alcohol standard solutions, when they come from the
manufacturer, are certified by us. We get a random lot.
A. And scientifically, it’s valid to take a
random sample of that, and that is applied – the data from
that is applied to the whole lot as an entity.
Q. They were random new instruments.
Q. Recently calibrated by the manufacturer.
[The cross-examiner should have clarified - But the issue is not accuracy, precision, and reliability at time of evaluation but rather:
2. this instrument never so evaluated
3. long after 2007.]
Q. Right. Now, Hodgson says, at page 86,
third paragraph, “When evaluating instruments for accuracy and
precision, known concentrations of alcohol in water are used.
Accuracy refers to the ability of the instrument to measure
the breath alcohol concentration, to give readings that are
within plus or minus 5 percent of the true alcohol
concentration of known standard.” Now, I think there, Hodgson
is referring to the A-T-C evaluation procedures of plus or
minus 5 percent.
A. And it could be that that’s exactly what
he’s talking about with respect to all of these parameters,
accuracy, precision, reliability and specificity. That all
has to do with the evaluation parameters, not the operational
Q. All right.
A. That’d be my interpretation.
Q. Then how is....
A. Without reading it entirely from the
beginning again, I can’t be more...
Q. Then how do....
A. ...conclusive than that.
Q. How does that help us? Using the Centre of
Forensic Sciences’ perspective on how you determine, deeming
accuracy and precision to be acceptable, how does that work
with this concept of reliability in Hodgson, which refers to
the ability of the instrument to perform over time, without
any significant drift in accuracy and precision. Because
obviously, the over time involves a comparison.
Q. And you said that over time could mean
months, could mean years.
A. Yes. And the reliability of the instrument
is determined by the calibration check at the time of testing.
If there’s any gross drift over time, that would be detected
by the calibration check. Right?
Q. Even – even with respect to precision?
A. With respect to accuracy.
Q. What about precision? I mean, we have a
practical problem in Court now. We have to analyse the
question. I’m ultimately going to make submissions to the
Court to say there’s a problem with the reliability of this
instrument. So, reliability refers to the ability of the
instrument to perform over time without any significant drift
in accuracy and precision. Well, if we use as a reference
point the over time being at the time of the evaluation, we’ve
got lots of data on accuracy and precision of the evaluated
Q. Right? We have that from Terry Martin’s
Q. We don’t have – I don’t know what data
we’ve got with respect to this Intoxilyzer 8000C when it was
first started being used, but we’ve got the practical problem
of what data do we use in Court to see if there has been or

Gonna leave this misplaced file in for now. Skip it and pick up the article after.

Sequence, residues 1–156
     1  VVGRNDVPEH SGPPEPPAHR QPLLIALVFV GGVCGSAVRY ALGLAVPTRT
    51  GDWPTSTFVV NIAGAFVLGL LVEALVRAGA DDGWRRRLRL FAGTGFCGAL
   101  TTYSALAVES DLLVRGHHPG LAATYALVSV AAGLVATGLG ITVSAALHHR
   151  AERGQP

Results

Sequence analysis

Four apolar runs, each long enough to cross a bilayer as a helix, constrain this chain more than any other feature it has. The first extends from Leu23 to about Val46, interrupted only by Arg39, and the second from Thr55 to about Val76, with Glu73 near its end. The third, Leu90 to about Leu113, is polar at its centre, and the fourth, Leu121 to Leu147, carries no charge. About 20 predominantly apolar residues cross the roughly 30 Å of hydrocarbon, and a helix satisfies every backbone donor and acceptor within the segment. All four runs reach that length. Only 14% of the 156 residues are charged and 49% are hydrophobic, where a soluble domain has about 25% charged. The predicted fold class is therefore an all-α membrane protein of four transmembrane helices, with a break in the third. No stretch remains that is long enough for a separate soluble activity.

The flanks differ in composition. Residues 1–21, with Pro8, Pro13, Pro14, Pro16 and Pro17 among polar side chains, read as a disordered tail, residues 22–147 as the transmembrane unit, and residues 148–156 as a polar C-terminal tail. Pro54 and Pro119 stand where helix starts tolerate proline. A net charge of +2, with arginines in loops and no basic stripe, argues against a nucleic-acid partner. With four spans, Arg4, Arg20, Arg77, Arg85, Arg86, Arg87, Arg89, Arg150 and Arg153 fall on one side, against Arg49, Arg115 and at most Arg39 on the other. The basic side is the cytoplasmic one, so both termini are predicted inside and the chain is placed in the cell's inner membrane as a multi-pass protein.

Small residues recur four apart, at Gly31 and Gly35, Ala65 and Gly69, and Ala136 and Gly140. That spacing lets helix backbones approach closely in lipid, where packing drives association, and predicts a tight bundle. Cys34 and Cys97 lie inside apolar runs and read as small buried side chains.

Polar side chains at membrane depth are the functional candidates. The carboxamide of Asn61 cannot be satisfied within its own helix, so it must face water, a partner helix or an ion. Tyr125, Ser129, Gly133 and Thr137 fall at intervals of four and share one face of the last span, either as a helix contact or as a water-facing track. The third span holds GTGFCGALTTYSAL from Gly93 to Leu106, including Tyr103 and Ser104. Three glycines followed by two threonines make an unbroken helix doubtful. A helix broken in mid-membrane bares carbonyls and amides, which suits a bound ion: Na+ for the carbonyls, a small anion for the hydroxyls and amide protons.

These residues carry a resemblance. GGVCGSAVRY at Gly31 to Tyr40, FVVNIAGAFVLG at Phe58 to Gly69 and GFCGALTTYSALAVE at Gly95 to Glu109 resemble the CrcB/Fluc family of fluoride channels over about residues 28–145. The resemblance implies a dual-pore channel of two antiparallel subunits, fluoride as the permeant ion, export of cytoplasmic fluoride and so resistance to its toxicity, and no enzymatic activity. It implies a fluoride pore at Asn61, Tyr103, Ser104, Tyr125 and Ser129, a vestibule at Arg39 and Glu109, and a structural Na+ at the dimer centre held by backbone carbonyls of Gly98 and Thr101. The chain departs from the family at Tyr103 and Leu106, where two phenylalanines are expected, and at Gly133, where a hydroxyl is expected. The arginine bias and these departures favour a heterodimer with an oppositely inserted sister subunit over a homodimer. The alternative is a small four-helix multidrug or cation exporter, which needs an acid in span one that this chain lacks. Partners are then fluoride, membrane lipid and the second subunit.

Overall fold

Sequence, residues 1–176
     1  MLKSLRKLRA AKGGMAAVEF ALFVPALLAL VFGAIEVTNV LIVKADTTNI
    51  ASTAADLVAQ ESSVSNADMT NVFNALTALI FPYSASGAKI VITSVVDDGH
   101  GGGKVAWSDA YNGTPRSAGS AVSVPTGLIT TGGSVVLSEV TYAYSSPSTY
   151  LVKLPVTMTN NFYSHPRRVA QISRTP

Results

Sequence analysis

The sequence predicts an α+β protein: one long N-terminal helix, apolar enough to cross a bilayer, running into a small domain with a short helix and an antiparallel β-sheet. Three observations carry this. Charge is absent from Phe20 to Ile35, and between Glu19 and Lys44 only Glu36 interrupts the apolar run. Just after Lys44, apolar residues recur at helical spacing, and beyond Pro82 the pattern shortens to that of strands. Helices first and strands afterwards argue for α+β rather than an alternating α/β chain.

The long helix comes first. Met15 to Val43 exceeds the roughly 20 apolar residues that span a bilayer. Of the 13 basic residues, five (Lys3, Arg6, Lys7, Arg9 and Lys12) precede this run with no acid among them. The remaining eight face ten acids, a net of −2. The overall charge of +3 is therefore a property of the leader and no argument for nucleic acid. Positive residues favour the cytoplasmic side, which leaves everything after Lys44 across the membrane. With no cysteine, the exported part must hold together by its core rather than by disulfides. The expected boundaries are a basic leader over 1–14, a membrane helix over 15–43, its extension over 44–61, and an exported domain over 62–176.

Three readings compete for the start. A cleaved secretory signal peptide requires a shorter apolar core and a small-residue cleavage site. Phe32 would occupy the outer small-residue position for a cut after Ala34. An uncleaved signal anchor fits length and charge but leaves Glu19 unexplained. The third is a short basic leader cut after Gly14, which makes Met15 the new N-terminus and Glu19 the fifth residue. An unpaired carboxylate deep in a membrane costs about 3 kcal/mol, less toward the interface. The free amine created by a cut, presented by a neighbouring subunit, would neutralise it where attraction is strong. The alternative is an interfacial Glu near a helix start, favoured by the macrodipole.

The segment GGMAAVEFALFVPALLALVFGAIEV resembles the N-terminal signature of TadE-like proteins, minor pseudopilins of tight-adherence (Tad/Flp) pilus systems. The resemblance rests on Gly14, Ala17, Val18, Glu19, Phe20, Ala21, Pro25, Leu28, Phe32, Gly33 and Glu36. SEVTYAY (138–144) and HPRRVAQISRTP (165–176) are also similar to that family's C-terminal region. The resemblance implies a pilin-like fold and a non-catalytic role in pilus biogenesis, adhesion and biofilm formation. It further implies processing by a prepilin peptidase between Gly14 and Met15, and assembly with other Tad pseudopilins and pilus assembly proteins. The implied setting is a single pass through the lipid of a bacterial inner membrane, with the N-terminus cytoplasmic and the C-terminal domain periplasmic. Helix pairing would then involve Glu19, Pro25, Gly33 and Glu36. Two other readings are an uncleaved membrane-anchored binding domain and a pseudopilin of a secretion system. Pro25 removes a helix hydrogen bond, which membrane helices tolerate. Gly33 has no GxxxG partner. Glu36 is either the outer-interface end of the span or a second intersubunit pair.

has not been a drift in accuracy and precision, and what
you’re saying is, that there’s a policy, there’s a deeming....
A. A recommendation.
Q. A recommendation from the Centre of
Forensic Sciences that’s based wholly on just looking at two
pieces of data to make the determine [sic] of precision.
A. All right. Um, with respect to accuracy
and precision, the accuracy and precision is determined,
again, at the time of the instrument evaluation. The proper
operating of the instrument is determined at the time of
testing. With respect to the accuracy of that, it’s
determined from the calibration check. All right? So, the
acceptable variability associated with that calibration check
in the field is plus or minus 10 percent. We recognise that
there are external parameters that can cause the result not to
be 100 milligrams of alcohol in 100 millilitres of blood but
that could cause it to be 93 or 95. And so, given all that
variability we recognise that with that, that there’s going to
be some kind of change. If the calibration check is outside
the acceptable range, you’re not going to be able to proceed
with testing, and we know that the variability associated in
the field is always going to be greater – as you can see from
these numbers, if you were to take the last 10 values, and
then put those into a spreadsheet, you would see that the
accuracy would appear to be lower, but we don’t know that,
right? And the precision would be much greater because
there’s greater variability in these numbers compared to being
done in a laboratory and there always will be.
It seems that the CFS "deem" accuracy and precision without drift over time simply as a result of the operational procedures at time of use. Where is the empirical proof for that hypothesis? It may be a technical norm or model that works for police, but is not good science. There is no empirical evidence that this deeming works. It is faith-based science. It does not foit the international literature.